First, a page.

REM sleep behavior disorder is a sleep disorder that causes people to physically act out their dreams. This parasomnia occurs during the rapid eye movement (REM) phase of sleep, which is where it gets its name.
Since people with this disorder may become physical while asleep, they risk harming themselves or others, and for this reason, it’s important to know what to look out for in order to seek help. In this article, we’ll detail everything you need to know about REM sleep behavior disorder, including the symptoms, causes, and treatments.
What Is REM Sleep Behavior Disorder?
REM sleep behavior disorder1 is a parasomnia that causes people to physically act out portions of the dreams they experience in the rapid eye movement phase of sleep. This occurs because the nerve pathways that are responsible for shutting down physical activity during dreams no longer work, allowing the sleeper to move freely.
Depending on the nature of the dream the sleeper experiences, they may find themselves acting violently to defend themselves or running into objects that could cause an injury or hurt a partner.
A secondary type of this disorder, called idiopathic REM sleep behavior disorder2 (IRBD), is the same condition but without any co-occurring neurological issues. However, those with IRBD are at an increased risk for developing neurological issues such as Parkinson's Disease, dementia with Lewy bodies, or multiple system atrophy later in life.
Symptoms of REM Sleep Behavior Disorder
Symptoms of REM sleep behavior disorder occur while the person is sleeping and include both noises and physical behaviors1.
- Other outbursts
Someone with REM sleep behavior disorder will often talk in their sleep; however, rather than unintelligible noises, they may form seemingly coherent sentences and recall what they were discussing once awoken. This is because the behavior occurred during REM sleep, not in the other phases. Similarly, if they cry, yell, curse, or laugh, they are likely to remember what caused the outburst once they awaken.
- Flailing arms
- Jumping from the bed
Physical symptoms of REM sleep behavior disorder may seem uncharacteristically violent for the person acting out their dreams. This is because REM sleep behavior disorder may co-occur with nightmares, and the sleeper is often defending themselves from a perceived threat. In other cases, one may be acting normally, but still be unaware of their surroundings, causing harm to themselves or others. This condition is not a psychological problem but a neurological one.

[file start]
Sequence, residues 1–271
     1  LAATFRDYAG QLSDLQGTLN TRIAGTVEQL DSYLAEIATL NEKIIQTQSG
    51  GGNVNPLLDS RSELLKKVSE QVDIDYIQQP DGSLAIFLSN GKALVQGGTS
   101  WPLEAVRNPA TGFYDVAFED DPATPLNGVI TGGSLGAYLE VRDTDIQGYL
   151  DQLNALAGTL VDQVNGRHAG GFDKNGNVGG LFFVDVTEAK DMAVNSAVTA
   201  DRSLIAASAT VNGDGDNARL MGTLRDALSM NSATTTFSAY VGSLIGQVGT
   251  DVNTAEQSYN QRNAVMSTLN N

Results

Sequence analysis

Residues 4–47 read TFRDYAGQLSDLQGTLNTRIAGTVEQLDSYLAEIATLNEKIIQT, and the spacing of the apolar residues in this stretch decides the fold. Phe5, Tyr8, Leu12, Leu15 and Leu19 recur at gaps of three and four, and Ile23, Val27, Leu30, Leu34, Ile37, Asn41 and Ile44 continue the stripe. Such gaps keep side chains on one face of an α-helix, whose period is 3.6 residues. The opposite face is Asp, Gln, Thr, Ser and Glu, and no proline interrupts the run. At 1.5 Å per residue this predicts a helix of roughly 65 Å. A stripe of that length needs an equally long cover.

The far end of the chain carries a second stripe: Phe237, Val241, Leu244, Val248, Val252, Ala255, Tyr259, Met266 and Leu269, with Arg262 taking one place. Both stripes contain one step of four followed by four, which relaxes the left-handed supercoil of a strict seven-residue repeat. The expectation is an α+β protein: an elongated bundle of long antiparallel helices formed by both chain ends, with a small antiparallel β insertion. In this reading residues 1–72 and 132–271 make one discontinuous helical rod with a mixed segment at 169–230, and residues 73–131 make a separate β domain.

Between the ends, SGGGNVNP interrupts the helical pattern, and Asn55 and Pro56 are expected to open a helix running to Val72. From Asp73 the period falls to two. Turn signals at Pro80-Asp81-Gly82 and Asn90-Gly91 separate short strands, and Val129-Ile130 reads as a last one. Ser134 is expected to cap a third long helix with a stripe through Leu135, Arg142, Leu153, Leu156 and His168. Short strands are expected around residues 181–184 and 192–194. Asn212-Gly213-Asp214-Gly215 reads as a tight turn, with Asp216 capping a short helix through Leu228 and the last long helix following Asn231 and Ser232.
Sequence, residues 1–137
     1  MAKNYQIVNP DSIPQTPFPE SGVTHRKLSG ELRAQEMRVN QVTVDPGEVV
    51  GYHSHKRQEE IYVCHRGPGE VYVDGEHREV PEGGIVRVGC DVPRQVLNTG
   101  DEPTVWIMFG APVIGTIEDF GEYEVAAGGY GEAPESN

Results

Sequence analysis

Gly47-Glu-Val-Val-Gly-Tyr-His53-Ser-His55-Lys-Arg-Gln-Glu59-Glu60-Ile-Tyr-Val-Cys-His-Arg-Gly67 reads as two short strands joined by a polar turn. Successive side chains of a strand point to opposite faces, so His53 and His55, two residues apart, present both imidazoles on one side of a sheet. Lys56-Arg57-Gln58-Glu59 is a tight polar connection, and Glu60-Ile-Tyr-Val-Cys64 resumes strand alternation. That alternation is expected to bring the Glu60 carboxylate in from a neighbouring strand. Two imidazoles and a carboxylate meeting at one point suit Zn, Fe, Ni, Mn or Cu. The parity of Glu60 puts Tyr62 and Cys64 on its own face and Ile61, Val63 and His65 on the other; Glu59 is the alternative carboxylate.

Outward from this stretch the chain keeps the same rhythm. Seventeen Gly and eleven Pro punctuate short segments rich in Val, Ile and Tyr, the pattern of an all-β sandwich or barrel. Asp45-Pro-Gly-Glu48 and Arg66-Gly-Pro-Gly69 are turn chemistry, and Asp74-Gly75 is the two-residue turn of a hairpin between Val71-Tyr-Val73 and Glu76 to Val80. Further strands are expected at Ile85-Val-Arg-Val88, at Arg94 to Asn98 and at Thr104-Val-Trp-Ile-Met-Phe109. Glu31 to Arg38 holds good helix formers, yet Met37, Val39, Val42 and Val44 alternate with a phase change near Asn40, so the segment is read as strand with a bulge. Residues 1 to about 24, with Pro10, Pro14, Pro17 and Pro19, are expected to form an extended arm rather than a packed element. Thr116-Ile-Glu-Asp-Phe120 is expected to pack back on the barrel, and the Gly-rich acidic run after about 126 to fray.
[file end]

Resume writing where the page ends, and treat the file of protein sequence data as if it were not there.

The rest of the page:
Other physical symptoms3 may include grabbing the air or their partner as well as muscle twitches. The physical symptoms will also depend on the activities in the dream they are experiencing.
Causes of REM Sleep Behavior Disorder
REM sleep behavior disorder is caused by the inability of nerve pathways to keep the body in a state of paralysis during this sleep phase, allowing the individual to physically act out their dreams. According to experts, certain risk factors can increase one’s chance of developing this disorder1.
- Stroke or dementia with Lewy bodies
- Multiple system atrophy
- Parkinson’s disease
- Alcohol or narcotic use
Some antidepressant medication
Additionally, a person’s age and gender can increase their chances of developing REM sleep behavior disorder3.
- Gender: Males are more likely to develop REM sleep behavior disorder than females at a risk ratio of 9 to 1.
- Age: REM sleep behavior disorder is most often diagnosed after the age of 50.
How is REM Sleep Disorder Diagnosed?
REM sleep behavior disorder is typically diagnosed through a series of evaluations that include a physical and neurological exam, talking with the patient’s sleep partner, and a sleep study (polysomnogram). During the sleep study, doctors monitor the heart, lungs, brain activity, limb movements, vocal noises, and blood oxygen levels1.